Never having come across mango trees in Perth, we were puzzled.
“Their sap ruins the ducco”, he advised. Another hint that things were different in this State.
Now while we sold our home for what was then a good price in Perth, house prices were much higher in Queensland at that time than back in Western Australia. So we panicked a bit. To be absolutely truthful, we panicked a hell of a lot. We couldn’t afford to stay for long in motels, so the first priority was to find a home in new pastures which were completely strange to us.
Welcome to stress city. And also welcome to what I eventually would come to realise were greater forces at work than we realised. Synchronicity started to grease the engine of Mo and Bryan’s descent into the Underworld.
On his holiday in Queensland, Bryan had stayed on the Gold Coast, south-east of the city centre, and had waxed lyrical to me about the beautiful Tamborine Mountain in the hinterland. So while we were house-hunting, we also decided to have a look around this fascinating area. We heard our first whip bird there. The male makes a sound remarkably like a whip and the female bird chimes a “whup-whup” at the end. We climbed among the lush greenery, and stood in awe at the amazing views from the peak of Tamborine.
We started driving down the mountain away from the coast and stopped for a coffee and break at Canungra, halfway down. I suddenly saw a small real estate agency and wandered over to look at the photos of homes for sale. There was a property which suited us down to the ground, so we went to have a look at it, liked it, put in an offer which was accepted and went off to get the deposit cheque. When we got back to the real estate agency the next day, the seller had changed his mind. Whether he thought he’d get us to up our offer, I don’t know as he said he’d had a better offer overnight. As it was, he went begging and I have to admit that, when I saw the property still for sale a year later, I felt a little bit of glee that he’d fallen flat on his face.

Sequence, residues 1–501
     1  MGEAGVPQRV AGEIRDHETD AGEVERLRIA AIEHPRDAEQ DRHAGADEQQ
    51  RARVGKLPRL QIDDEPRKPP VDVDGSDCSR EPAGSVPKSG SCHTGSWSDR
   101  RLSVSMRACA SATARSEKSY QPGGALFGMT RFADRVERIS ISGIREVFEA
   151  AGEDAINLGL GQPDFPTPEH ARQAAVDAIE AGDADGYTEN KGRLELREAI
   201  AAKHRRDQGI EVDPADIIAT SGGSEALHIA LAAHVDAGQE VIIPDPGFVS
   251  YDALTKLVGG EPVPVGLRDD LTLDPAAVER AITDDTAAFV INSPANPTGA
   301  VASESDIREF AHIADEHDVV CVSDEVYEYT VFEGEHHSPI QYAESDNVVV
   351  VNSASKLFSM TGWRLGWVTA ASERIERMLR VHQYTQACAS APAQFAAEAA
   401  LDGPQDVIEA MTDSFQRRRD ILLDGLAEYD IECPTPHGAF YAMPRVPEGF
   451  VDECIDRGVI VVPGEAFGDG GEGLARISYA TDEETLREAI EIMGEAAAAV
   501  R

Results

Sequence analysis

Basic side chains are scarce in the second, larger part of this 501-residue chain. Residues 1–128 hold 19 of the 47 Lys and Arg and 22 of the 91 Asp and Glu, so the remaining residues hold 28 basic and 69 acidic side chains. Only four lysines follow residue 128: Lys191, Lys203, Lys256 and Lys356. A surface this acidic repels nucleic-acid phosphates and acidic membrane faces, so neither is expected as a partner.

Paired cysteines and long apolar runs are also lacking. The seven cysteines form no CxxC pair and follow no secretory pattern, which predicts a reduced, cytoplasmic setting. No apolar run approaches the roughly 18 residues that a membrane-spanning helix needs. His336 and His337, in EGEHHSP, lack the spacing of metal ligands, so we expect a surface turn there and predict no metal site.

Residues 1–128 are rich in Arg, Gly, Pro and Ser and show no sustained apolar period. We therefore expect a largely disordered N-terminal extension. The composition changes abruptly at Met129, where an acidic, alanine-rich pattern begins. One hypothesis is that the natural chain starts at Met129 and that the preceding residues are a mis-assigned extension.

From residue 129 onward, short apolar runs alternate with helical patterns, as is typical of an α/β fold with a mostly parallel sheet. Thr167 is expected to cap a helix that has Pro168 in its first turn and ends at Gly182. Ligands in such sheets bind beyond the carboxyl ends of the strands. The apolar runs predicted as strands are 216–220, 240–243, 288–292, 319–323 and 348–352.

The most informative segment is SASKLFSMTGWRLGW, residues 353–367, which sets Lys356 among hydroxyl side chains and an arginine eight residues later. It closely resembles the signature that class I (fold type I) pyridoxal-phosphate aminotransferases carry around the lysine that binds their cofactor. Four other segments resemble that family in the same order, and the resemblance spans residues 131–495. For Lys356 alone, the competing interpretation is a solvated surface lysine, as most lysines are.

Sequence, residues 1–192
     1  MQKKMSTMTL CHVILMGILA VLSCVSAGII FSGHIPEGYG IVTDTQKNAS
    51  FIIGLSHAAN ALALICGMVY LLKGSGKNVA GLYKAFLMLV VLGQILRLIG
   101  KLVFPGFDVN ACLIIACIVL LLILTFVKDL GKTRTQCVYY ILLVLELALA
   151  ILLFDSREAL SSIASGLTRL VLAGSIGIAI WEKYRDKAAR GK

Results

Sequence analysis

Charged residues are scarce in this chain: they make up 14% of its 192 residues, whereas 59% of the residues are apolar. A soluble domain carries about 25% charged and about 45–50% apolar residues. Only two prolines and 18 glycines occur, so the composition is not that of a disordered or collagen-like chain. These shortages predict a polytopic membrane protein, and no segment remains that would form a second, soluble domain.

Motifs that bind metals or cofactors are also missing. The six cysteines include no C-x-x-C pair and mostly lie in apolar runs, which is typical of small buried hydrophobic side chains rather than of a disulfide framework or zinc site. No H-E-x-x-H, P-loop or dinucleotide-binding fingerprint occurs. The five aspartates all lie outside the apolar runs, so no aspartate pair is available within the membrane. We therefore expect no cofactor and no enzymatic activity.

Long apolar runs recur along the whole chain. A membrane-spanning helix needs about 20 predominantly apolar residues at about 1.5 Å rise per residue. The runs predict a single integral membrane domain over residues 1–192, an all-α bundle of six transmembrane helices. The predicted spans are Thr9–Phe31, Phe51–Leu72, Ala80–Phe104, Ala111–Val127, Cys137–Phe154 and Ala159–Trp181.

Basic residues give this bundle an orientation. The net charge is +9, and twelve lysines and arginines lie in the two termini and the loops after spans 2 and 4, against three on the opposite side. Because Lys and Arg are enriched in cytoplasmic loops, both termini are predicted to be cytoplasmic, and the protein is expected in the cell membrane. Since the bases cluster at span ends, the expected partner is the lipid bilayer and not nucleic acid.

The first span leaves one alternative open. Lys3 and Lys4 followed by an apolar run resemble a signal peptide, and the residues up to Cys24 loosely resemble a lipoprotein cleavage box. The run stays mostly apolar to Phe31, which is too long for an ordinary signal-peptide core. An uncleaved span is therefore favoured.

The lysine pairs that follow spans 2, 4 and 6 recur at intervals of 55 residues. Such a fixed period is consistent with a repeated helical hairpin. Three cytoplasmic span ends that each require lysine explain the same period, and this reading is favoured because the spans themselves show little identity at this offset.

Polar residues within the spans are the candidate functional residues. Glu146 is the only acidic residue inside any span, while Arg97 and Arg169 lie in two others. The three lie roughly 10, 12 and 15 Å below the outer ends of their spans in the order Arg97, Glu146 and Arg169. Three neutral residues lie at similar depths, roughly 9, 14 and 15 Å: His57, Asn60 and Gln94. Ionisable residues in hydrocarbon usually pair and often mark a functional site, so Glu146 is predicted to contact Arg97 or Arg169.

After this upset, we really moved into Panic City. The real estate agent was very apologetic, and rustled up another place for us to view – a farm close to a town called Boonah. We had no idea where Boonah was and it was rather like driving off into the wild, blue yonder. We seemed to be driving for ever when we crested a hill and there was a quite beautiful little town below us, nestled in a valley surrounded by absolutely awe-inspiring mountains, in an area known as The Scenic Rim.